• ectoparasite defence;
  • habitat selection;
  • grooming;
  • Chiroptera;
  • bat flies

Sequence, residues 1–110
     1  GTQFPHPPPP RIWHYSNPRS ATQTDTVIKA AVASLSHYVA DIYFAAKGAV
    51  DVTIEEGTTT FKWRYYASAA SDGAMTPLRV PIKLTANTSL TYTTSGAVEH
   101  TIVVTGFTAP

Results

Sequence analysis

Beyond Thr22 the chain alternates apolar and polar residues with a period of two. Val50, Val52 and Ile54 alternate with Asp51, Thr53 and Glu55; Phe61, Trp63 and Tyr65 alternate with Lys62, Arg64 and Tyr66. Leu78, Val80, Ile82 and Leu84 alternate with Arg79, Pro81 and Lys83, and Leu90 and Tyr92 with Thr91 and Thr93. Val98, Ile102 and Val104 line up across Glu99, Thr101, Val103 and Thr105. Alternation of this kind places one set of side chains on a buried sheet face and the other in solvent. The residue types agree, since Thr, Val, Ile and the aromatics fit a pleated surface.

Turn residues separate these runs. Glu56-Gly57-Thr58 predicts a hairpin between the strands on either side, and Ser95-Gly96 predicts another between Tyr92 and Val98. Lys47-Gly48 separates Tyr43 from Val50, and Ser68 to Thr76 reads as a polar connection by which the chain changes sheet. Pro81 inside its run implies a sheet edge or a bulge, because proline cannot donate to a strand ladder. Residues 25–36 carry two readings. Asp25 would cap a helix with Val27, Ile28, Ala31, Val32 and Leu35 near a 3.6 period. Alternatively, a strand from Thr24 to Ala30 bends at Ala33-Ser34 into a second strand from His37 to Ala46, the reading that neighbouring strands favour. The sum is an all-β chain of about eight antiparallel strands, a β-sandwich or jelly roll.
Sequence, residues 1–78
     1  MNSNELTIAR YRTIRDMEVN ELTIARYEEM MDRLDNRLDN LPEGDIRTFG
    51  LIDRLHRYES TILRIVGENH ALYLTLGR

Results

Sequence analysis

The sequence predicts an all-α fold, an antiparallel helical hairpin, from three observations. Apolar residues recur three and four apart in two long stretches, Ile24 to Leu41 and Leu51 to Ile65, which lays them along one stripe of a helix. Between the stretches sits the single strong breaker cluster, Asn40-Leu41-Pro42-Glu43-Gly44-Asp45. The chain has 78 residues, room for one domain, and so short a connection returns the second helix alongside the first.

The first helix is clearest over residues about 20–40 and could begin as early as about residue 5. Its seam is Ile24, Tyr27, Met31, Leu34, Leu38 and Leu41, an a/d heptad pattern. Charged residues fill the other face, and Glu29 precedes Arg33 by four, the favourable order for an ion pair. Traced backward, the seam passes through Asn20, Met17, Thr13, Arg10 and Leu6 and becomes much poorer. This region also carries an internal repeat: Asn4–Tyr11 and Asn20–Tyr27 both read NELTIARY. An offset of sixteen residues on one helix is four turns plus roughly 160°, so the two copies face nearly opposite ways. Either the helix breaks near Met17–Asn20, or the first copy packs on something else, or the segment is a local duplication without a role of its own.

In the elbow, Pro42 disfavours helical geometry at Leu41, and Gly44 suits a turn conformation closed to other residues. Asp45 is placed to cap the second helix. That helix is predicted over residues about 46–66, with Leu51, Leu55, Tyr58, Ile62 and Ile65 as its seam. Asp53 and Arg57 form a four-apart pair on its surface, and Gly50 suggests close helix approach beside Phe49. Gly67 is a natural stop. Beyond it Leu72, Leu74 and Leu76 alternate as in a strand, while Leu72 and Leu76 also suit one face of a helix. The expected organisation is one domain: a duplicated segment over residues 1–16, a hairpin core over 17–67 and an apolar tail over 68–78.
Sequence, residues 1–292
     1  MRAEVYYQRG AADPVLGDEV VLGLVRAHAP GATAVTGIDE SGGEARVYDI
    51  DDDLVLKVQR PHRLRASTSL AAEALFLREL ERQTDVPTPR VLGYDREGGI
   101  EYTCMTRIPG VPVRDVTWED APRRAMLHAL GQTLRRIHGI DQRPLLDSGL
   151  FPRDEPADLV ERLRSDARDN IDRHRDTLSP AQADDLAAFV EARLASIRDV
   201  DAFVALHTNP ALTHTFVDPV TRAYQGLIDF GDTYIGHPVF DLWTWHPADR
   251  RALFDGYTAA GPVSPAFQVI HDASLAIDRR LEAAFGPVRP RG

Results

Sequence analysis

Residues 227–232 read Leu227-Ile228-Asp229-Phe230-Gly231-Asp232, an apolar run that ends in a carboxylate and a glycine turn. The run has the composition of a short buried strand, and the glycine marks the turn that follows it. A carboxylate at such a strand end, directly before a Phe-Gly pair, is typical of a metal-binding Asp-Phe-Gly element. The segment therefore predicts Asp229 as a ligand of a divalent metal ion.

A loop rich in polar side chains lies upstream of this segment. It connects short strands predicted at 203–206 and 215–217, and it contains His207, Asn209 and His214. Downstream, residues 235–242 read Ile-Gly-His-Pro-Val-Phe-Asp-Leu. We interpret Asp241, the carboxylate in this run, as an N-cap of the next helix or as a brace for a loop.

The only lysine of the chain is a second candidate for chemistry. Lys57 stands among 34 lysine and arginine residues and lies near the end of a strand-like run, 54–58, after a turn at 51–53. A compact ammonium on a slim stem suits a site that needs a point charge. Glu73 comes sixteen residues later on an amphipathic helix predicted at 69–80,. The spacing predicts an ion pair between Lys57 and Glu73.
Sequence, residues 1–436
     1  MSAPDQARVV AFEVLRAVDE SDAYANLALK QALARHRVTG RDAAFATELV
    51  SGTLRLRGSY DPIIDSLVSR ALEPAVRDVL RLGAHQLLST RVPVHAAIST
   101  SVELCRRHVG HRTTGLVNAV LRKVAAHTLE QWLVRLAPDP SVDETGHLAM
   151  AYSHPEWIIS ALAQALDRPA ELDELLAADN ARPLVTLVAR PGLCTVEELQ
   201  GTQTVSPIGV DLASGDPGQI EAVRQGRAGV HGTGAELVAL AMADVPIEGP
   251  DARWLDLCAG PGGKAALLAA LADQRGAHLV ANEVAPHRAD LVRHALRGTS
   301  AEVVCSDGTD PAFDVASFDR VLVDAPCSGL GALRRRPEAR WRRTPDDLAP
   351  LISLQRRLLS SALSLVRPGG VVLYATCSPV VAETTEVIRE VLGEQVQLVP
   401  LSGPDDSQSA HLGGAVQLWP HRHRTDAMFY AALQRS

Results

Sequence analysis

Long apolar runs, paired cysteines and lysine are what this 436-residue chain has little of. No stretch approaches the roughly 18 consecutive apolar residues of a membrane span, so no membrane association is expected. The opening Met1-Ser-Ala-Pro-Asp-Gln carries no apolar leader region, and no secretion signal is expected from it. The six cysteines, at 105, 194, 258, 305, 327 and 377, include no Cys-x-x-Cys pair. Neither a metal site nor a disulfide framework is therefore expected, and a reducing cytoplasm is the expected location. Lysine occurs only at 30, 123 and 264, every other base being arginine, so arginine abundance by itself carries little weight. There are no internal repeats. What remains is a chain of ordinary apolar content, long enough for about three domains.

Evidence suggests that behavioural defences, such as habitat selection and grooming behaviour, have evolved in animals in response to the costs associated with ectoparasites. Bat fly and mite densities were compared among wild-caught bats in Belize with different roosting preferences (cavity, foliage, or both), and grooming behaviour was analysed for bat species with high and low ectoparasite density. Ectoparasites of bats were removed using forceps, and bat grooming behaviour was recorded with a camcorder. Because bat flies pupate on the surface of host roosts, bats that use cavity roosts (a sheltered environment for the pupae) were predicted to have higher densities of bat flies than those that use foliage (exposed environment). Cavity-roosting species generally had higher densities of bat flies and mites, although the relationship was more evident for bat flies. The grooming behaviour of bats was predicted to differ among species with high or low ectoparasite densities. Although there was no difference in the frequency of grooming behaviours for individuals with and without bat flies, there were differences in grooming behaviour at the species level. Bat species with high ectoparasite densities scratched more than those with low ectoparasite densities. These results suggest that ectoparasite densities and grooming behaviour are related to roosting preferences in bats.